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    Default Single Rail verse Double Rail Frame

    Hey all. I need some help with a very critical issue we are facing. We are in the process of specing out a tanker to be purchased through the AFG program. It will have a 3000 gal tank, 750 pump and a crew cab. We were reduced in price to $250,000 and are having a terrible time finding a manufacturer able to supply such a unit in this price range. We do have one quote offering to complete this purchase for right around the grant amount. The problem is that the chassis does not have doubled frame rails. Will this unit still be safe without the double rails? Or would we be making a mistake by making this purchase? Thank you for your help.

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    Only one? Imagine that! Wonder why.

    I know of at least one chassis builder who absolutely will not supply a single rail chassis for that much water.

    Stay safe out there, everyone goes home!

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    That would be a huge mistake.
    Put it this way, when specing a Spartan you automatically get a double frame when you go above 1000 gallons.
    Stay away from anyone that tries to sell you a single frame 3000 gallon tanker. They are obviously more concerned with making the sale then anyones safety or the longevity of the rig.

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    Default Single Rail Vs Double Rail

    Listen to Vanisle EVT and other's DON'T even consider a Single Rail for this application and the difference should only be maybe about $1,000-1,500 for a Double Rail.

    Also depending on the body design have you thought of or would a Wetside Tanker work with the 3,000 G and 750 GPM Pump? Take a look at Danko Emergency Products, S&S Fire etc.

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    This manufacturer has to put out a chassis that passes the DOT standards, correct??? I am looking through the other specs that I have and for the most part, the inner frame is 1/4" rail. When I compare the ratings, they definitely increase, but only by about 25%

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    Quote Originally Posted by SAFETEK View Post
    the difference should only be maybe about $1,000-1,500 for a Double Rail.
    We are being told that the difference in cost could be as much as $18000 to $20,000

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    I'm working on spec/quotes for a similar firegrant project but 1500gpm rearmount CAFS pumper tanker w/3500gal tank. Sure looks to me like you should be able to do a fine job at $250k. Send me private email with whatever details you have. I'm still discussing final budget # with DHS. If they are going with $250k for 3000gal and small PTO pump that's good info.

    Check out www.jeffersonfire.com recent deliveries. Several similar trucks and THEY LIST SELLING PRICES. Nice info few provide. Might also check out www.hgacbuy.com they have contract prices on tankers.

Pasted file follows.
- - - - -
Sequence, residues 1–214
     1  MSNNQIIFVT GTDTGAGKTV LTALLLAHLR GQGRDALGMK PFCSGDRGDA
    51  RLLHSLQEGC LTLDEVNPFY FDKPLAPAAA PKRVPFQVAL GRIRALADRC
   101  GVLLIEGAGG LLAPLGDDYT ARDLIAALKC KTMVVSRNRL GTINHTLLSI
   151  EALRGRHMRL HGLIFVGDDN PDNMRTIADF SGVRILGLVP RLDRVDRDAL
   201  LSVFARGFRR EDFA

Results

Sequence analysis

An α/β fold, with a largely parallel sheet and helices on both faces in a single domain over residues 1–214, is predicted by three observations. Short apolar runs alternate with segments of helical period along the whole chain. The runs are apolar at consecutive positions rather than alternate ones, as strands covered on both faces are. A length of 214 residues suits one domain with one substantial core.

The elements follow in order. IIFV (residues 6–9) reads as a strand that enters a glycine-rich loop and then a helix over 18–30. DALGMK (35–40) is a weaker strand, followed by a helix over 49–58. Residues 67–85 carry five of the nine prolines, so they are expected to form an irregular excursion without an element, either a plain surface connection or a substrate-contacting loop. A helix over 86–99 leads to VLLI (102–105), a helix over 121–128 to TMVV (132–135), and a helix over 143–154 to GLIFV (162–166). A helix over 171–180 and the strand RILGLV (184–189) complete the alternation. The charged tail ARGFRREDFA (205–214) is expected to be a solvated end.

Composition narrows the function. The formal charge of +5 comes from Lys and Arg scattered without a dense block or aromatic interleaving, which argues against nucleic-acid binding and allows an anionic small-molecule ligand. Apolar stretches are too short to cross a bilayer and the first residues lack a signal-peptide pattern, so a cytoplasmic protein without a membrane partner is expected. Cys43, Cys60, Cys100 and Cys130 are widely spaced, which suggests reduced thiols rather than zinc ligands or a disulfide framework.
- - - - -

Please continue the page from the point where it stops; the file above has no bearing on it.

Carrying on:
Chassis well equiped for fire service will run $90-100k. I'm looking at the spec for a IH 7600 (Workstar). Frame reinforcement after applying discount is $741.

    I have a .pdf for full spec from the HGAC IH vendor for an ext cab 7600 I'll email you if would like. Nice that they itemize every single option/item with it's price. Found that I can get similar/better price from local IH dealer (and haven't even started negotiations).

    a crewcab will run you around $8k. Might think about an extended cab. Cost on the 7600 is $1500. You can still get 2 or 3 FF on the rear seat (no SCBA). Do you really need the extra seats on a tanker? We finally decided just overkill for us and made a large truck even longer/less maneuverable.
    Last edited by neiowa; 08-19-2007 at 10:19 PM.

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    Quote Originally Posted by neiowa View Post
    I'm working on spec/quotes for a similar firegrant project but 1500gpm rearmount CAFS pumper tanker w/3500gal tank. Sure looks to me like you should be able to do a fine job at $250k. Send me private email with whatever details you have. I'm still discussing final budget # with DHS. If they are going with $250k for 3000gal and small PTO pump that's good info.

    Check out www.jeffersonfire.com recent deliveries. Several similar trucks and THEY LIST SELLING PRICES. Nice info few provide. Might also check out www.hgacbuy.com they have contract prices on tankers.

    Chassis well equiped for fire service will run $90-100k. I'm looking at the spec for a IH 7600 (Workstar). Frame reinforcement after applying discount is $741.

    I have a .pdf for full spec from the HGAC IH vendor for an ext cab 7600 I'll email you if would like. Nice that they itemize every single option/item with it's price. Found that I can get similar/better price from local IH dealer (and haven't even started negotiations).

    a crewcab will run you around $8k. Might think about an extended cab. Cost on the 7600 is $1500. You can still get 2 or 3 FF on the rear seat (no SCBA). Do you really need the extra seats on a tanker? We finally decided just overkill for us and made a large truck even longer/less maneuverable.